Whatever, on thinks about former President Bill Clinton’s policies, he is universally acknowledged as the most masterful politician in memory. For Obama to cavalierly declare that he could avoid political losses that Clinton could not, betrays self-regard bordering on what others have called “narcissism.’’

Obama’s self-regard may eventually prove politically fatal, but his recent problem is not been the regard in which he holds himself, by the dismissive and condescending regard with which he holds his fellow Americans. We received a glimpse of this during the 2008 election, when Obama said of Pennsylvanians in hard times, “they cling to guns or religion or antipathy to people who aren’t like them or anti-immigrant sentiment or anti-trade sentiment as a way to explain their frustrations’’’

While Obama now concedes that his party suffered a “shellacking,’’ he chalks it up to a recovery that has not yet really kicked in. Obama has only acknowledged that perhaps he has not been able to explain to Americans the soundness of his policies. The implications is that if only Americans were smart and aware enough they would appreciate Obama’s efforts.

When Americans were focused on the pain caused by a struggling economy, Obama and the Democrats thought that it was necessary to pass a sweeping and costly health care reform bill. They crammed it through despite the fact that a clear majority of Americans were against it and now want its repeal. In addition, Obama and the Democrats increased the debt by trillions to stimulate the economy while most people believe that the policy has not worked. Obama was saying, in essence, we know better than the American people, so we are going to pass the health care reform and stimulus bills anyways.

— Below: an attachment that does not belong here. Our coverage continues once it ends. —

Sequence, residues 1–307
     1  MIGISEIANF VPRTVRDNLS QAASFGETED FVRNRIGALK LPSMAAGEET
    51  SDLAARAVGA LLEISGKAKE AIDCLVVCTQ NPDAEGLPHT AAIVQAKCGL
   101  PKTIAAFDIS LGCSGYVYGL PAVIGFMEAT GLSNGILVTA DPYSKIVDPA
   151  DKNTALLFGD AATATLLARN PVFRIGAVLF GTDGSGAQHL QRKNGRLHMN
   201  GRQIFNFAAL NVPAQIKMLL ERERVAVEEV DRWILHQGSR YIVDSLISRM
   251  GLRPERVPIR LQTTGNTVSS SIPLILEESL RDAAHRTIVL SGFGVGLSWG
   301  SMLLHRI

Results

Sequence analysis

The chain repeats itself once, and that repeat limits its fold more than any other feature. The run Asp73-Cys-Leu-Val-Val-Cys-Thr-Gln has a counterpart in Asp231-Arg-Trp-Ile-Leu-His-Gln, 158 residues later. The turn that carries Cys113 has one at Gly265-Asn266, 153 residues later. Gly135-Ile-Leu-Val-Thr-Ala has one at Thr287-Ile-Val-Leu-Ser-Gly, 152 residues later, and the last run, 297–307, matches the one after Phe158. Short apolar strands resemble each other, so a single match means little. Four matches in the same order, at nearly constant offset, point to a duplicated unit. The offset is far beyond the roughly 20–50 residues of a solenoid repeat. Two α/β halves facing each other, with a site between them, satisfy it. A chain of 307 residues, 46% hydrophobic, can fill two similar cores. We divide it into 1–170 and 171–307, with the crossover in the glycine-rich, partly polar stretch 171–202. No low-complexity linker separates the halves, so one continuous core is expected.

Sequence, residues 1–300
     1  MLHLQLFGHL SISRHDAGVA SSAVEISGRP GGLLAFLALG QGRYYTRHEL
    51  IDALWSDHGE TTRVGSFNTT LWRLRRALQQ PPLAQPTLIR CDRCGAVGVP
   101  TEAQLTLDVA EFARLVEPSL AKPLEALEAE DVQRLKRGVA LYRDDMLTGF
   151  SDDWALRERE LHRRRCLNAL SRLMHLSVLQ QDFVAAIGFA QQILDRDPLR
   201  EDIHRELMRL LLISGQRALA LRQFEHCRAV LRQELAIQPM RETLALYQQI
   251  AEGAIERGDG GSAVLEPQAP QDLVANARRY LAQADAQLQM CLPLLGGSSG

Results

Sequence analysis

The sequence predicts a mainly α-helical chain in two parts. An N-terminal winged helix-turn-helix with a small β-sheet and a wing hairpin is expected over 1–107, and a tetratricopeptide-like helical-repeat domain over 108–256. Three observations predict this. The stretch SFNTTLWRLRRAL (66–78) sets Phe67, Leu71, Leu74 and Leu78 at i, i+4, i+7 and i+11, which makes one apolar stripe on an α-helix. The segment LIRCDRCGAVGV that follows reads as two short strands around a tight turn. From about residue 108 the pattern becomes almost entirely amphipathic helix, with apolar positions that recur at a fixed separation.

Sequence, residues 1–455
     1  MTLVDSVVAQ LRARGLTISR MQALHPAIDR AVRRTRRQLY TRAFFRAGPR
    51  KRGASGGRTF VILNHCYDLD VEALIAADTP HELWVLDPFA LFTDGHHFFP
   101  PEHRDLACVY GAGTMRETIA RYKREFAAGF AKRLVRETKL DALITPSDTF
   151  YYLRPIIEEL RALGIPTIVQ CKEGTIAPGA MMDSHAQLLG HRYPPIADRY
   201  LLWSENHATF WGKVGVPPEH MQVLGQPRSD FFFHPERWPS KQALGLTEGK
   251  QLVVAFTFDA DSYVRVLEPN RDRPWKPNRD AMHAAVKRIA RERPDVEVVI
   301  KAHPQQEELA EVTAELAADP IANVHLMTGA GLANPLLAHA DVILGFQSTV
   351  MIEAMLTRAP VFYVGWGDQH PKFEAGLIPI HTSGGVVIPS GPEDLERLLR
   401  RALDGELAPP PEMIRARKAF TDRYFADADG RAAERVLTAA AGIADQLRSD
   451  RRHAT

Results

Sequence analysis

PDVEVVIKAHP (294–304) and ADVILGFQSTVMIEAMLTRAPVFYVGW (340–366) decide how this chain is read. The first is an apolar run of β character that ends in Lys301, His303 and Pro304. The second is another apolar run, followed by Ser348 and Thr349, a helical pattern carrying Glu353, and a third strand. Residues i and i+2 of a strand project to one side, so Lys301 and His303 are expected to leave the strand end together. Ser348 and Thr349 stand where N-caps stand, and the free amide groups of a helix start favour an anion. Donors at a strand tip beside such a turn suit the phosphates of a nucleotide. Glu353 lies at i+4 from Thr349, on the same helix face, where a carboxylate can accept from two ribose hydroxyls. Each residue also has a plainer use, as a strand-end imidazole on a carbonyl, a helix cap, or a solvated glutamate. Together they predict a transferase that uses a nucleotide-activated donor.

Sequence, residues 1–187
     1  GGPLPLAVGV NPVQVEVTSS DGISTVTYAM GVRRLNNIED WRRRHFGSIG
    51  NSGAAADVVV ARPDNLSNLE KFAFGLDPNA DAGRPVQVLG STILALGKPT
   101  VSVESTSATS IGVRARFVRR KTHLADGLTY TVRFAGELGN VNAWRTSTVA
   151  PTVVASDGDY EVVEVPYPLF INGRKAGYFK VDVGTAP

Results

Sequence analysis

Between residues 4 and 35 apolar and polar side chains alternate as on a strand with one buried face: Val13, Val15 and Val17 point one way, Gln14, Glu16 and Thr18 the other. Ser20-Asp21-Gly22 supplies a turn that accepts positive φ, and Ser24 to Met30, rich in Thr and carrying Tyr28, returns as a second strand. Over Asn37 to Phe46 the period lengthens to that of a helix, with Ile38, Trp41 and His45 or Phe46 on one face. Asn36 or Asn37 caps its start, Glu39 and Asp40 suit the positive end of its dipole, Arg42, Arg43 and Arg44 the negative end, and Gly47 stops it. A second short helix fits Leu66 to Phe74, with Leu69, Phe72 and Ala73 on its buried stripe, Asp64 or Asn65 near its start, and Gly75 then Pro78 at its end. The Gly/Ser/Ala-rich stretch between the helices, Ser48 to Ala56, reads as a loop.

Americans will tolerate and perhaps even celebrate a leader with overweening self confidence, but not one who has comparable low regard of Americans as a whole.

Election Prediction Recap

Sunday, November 7th, 2010

In trying to model any phenomenon, it always possible to bring in too many correlated independent variables. With enough variables, it is always possible to fit past data. However, the question is whether the true dynamics have been captured. The simplest model that can reasonably explain the data is usually the safest.

The professionall analysts in this past election did not fair too well. As it looks now that there will be a net 65-seat pickup for Republicans in the House of Representatives. Larry Sabato, Director of the University Center for Politics, predicted a gain of 55 seats. Nate Silver, political statistician supported by the New York Times, used elaborate simulations to predict a 54-seat gain. The Rothenberg’s Political Report faired better with a 55-65 seat gain prediction.

Using a simple linear regression model, we were able to predict a 69-seat gain with a +/- 10 seat standard deviation. The plot below shows the advantage in the actual Democratic vote versus the pre-election Gallup generic preference poll. The indicated point shows the result of this past election. Note that the linear fit very closely predicted the outcome. We submit here the humble thesis that some rather simple models have been adequate to explain events like the House election, where the 435 seats available allow the statistical means to prevail.

Final Prediction

Monday, November 1st, 2010

Using their traditional model for the generic preference between Democrats and Republicans, Gallup finds a 15% advantage for Republicans as of 2010 Nov 1. This result is outside the experience of Gallup polling in previous elections. However, using a linear fit between Gallup generic poll and outcomes for all midterm elections since 1950, we make the following prediction:

Republicans gain 69 seats in the House. The standard deviation on this estimate is 59 to 79 seats. That is, there is a 60% chance the final value will fall in this range. The 95% range is 39 to 99 seats.